‘Be creative now’: lighting designers create art in short period of time

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Lighting designer Anthony Stoeri hangs lights above the Wells-Metz Theater along with his crew. Stoeri will be the master electrician and lighting designer for the upcoming show, "Peter and the Star Catcher." Ty Vinson Buy Photos

Third-year master's of fine arts lighting design student Tony Stoeri described lighting design as tap dancing naked on a table.

Unlike other behind-the-scenes roles in theater, the majority of work in lighting design happens a few days before a show debuts, which leads to a frenzy of emotions. These are the elements that inspired his dancing-naked metaphor.

Stoeri recently worked as the master electrician on IU’s production of “Peter and the Starcatcher,” which debuted Oct. 31. His job was to install the lights that Darrien Brimberry, the production's lighting designer and second-year MFA lighting design student, set out in her light plot, a layout of where she wanted lights to go.

Lighting design begins much like any other behind-the-scenes role: months in advance. 

“We encourage them to meet as a team as early as possible before they go off in small groups,” said Allen Hahn, associate professor and head of the MFA lighting design program. “The virtue of that is that it just makes for work on stage more cohesive.”

After the mood and tone of a show is decided, a lighting designer begins making a light plot. It’s the master electrician’s job to install the lights. However, sometimes the master electrician must step in when a lighting plot is too ambitious.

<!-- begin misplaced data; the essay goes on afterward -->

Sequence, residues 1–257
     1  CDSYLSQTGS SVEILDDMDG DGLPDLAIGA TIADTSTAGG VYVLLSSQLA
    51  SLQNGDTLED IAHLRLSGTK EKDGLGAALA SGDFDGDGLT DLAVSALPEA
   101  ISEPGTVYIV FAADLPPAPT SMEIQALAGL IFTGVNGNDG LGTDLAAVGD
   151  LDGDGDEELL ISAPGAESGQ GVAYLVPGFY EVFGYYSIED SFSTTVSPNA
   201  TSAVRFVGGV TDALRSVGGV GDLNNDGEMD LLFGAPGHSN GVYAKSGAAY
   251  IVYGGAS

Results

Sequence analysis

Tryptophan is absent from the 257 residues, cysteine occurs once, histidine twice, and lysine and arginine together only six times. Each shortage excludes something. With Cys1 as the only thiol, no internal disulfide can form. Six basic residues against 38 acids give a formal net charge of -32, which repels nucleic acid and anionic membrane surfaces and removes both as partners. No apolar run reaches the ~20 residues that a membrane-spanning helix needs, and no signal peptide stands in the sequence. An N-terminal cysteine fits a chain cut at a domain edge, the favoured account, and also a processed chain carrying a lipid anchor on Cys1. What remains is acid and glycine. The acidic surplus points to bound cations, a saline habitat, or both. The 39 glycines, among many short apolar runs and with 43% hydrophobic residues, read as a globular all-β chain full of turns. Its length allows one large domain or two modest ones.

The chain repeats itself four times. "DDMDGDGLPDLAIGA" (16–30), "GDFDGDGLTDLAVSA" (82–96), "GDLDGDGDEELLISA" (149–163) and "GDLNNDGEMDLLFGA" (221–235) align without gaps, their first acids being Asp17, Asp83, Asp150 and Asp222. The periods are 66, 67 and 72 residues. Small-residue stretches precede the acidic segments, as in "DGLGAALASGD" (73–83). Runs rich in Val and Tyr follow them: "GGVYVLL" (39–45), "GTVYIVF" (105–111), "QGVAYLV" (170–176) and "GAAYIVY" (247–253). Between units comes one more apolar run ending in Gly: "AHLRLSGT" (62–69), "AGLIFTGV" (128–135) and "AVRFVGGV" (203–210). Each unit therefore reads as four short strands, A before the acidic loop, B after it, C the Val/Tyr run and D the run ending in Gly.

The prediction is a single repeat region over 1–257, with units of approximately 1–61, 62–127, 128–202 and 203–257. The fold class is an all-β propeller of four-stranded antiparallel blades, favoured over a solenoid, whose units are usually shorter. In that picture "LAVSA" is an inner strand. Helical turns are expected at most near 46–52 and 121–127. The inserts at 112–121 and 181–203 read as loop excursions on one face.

Once lights have been installed, the lighting designer begins to play with them. However, he or she cannot get an accurate grasp of the final product until actors come into play. This means that while months may be spent talking with creative teams and creating the light plot, lighting cannot be finalized until two or three days before a performance.

“You can draft all day, but until you see it in front of you, there’s not an accurate way to predict what it will look like,” Brimberry said.

The last few days before a show are what Hahn calls “10 out of 12s,” because students work 10 out of 12 hours in a day, with a quick two-hour break for lunch. This is the most challenging part of lighting design.

“Just with the time we have and the fact that it is more accurate with people on stage, there’s not a lot of time,” Brimberry said.

In fact, Brimberry said her advisers will sometimes use the phrase “be creative now,” because so much work needs to be done in such a short time.

Stoeri said this makes opening night difficult to enjoy.

“You’re always moving and always working, so it’s hard to turn it off,” Stoeri said.

However, after a few shows, Stoeri said he can fully appreciate his work.

“The best part about seeing it on stage is that you can only see it in that moment,” Stoeri said. “It’s a sense of discovery."

While Stoeri and Brimberry said lighting design is stressful, they both enjoy it.  Brimberry said she likes playing with the medium of light and working with different colors and locations, while Stoeri said he enjoys trying to make many moving parts work together. 

Due to the high variability and the time crunch, both agree lighting design is inherently intense.

“You need to make decisions, trust your instincts, be bold, but remember simple is best,” Brimberry said.

IU’s MFA lighting design program allows all students to be both lighting designers and master electricians, which Brimberry said is why the program is so successful.

“There’s a lot of support, especially with students in the department,” Brimberry said. “That’s why we thrive.”

Stoeri echoed this, saying lights are the only intangible part of a show —  something the audience feels rather than sees. 

“There are few elements in theater that can be fully within the moment,” Stoeri said.

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